In­dia Is Racist and No­body Wants to Change

An African Amer­i­can’s first-hand ex­pe­ri­ence of In­dia should make all of us think about this silent crime

Reader's Digest (India) - - ! N My Opinion -

There’s much friend­ship and love in pri­vate spa­ces, but the Delhi pub­lic lit­er­ally stops and stares. It is har­row­ing to con­stantly have chil­dren and adults tease, taunt, pick, poke and peer at you from the cor­ner of their eyes, deny­ing their own hu­man­ity as well as mine. Their crude, ag­gres­sive cu­rios­ity threat­ens to dom­i­nate un­less dis­armed by kind­ness, or met with equal ag­gres­sion.

In Lucknow, I once stood gaz­ing at gi­raffes at the zoo only to turn and see some 50 fam­i­lies gawk­ing at me rather than at the gi­raffes. Par­ents abruptly with­drew in­fants that in­quis­i­tively wan­dered to­wards me. I felt like an ex­otic African crea­ture-cum-spec­ta­cle, stir­ring fear and awe. Even my at­tempts to be­guile the pub­lic through sim­ple greet­ings or smiles are of­ten not re­cip­ro­cated. In­stead, the look of won­der swells as if this were all part of the act and we were all play­ing our parts.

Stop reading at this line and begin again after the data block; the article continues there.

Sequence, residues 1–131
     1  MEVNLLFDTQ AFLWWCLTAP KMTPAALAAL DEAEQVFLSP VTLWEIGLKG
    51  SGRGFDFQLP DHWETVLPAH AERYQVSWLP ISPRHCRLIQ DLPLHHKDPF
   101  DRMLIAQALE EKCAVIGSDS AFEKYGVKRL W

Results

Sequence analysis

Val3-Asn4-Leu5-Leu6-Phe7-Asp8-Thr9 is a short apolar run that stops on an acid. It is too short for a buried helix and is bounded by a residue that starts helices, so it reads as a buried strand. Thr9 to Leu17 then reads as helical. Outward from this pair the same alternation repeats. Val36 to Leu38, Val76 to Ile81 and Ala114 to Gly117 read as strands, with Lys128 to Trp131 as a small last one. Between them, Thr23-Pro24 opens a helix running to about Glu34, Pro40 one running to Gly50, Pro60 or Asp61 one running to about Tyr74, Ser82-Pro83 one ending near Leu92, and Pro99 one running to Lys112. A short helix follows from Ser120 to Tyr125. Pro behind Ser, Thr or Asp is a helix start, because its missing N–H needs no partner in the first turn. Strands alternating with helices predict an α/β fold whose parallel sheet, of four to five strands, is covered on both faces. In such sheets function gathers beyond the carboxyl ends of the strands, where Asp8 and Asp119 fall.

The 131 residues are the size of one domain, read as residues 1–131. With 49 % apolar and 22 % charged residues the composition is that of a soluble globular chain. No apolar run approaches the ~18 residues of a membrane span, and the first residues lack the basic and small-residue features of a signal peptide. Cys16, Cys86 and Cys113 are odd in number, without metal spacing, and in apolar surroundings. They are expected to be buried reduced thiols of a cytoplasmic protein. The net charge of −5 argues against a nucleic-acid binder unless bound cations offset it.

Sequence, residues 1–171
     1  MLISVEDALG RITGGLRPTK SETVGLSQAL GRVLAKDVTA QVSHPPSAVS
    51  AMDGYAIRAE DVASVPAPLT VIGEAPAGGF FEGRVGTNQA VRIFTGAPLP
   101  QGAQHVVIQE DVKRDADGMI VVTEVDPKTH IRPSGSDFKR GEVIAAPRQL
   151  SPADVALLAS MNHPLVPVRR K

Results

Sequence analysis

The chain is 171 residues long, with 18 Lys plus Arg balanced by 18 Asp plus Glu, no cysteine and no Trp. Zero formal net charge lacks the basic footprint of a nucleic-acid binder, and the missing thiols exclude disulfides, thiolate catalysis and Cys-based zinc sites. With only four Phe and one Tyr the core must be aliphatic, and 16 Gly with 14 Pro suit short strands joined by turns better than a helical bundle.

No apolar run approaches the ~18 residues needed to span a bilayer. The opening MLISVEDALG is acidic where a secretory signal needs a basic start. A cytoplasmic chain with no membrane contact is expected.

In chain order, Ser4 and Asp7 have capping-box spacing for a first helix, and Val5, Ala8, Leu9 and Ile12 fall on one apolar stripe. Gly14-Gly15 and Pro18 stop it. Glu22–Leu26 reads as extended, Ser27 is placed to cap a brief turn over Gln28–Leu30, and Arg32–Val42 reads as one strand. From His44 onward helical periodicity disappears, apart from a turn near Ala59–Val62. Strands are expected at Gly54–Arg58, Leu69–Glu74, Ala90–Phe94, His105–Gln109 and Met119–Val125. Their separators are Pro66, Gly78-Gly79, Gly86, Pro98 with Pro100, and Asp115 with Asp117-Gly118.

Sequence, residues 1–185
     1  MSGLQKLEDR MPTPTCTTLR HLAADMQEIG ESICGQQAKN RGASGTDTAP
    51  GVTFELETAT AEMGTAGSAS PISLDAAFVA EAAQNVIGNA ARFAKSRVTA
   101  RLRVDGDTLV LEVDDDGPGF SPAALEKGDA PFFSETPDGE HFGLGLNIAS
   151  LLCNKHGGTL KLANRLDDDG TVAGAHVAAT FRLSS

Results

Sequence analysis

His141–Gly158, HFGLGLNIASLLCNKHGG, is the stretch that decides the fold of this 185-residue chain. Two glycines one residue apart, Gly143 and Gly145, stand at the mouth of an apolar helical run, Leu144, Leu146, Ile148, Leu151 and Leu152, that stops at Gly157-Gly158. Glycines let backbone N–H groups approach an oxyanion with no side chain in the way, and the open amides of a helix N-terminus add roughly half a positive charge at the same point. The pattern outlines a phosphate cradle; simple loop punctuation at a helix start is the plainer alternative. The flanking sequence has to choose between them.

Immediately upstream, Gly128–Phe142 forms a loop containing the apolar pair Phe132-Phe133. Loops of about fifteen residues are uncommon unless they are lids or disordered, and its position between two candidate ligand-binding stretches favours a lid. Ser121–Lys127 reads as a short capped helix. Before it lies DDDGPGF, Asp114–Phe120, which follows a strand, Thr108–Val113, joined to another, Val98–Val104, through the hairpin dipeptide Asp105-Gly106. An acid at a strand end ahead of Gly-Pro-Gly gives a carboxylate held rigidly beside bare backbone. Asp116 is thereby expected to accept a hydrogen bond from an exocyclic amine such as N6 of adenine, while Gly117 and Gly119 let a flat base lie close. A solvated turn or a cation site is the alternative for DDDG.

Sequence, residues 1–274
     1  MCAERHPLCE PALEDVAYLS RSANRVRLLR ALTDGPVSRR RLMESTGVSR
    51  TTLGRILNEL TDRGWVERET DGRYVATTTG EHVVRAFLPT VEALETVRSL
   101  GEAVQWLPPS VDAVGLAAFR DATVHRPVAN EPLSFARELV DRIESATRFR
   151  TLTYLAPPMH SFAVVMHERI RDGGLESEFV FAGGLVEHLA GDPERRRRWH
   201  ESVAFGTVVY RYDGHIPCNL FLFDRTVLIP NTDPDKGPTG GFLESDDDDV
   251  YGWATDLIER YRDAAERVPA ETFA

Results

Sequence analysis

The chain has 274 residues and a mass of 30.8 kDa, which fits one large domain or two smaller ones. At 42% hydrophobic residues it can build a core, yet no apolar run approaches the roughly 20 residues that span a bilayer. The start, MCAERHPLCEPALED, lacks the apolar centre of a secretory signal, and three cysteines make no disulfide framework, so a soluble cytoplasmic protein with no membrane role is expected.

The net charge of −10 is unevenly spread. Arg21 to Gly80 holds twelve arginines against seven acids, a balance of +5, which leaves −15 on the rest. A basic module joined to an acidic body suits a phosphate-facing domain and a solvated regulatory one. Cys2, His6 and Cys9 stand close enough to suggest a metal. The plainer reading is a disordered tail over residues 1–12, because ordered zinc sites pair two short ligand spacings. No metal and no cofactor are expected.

Racism any­where is never a per­sonal ex­pe­ri­ence. Racism in In­dia is sys­tem­atic and in­de­pen­dent of the pres­ence of for­eign­ers of any hue. This per­mits and pro­motes a law­less­ness and dis­dain for dark skin. Each time I visit one of Delhi’s club­houses, I no­tice that I am the dark­est per­son not wear­ing a work uni­form. Most In­dian pop icons have light, damn-near-white skin. Sev­eral film­stars even pro­mote skin­whiten­ing creams that prom­ise to im­prove one’s pop­u­lar­ity and ca­reer prospects. Such con­sumerism masks the in­ter­nal­ized racism un­der­ly­ing those fast-ac­tion TV ad­ver­tise­ments

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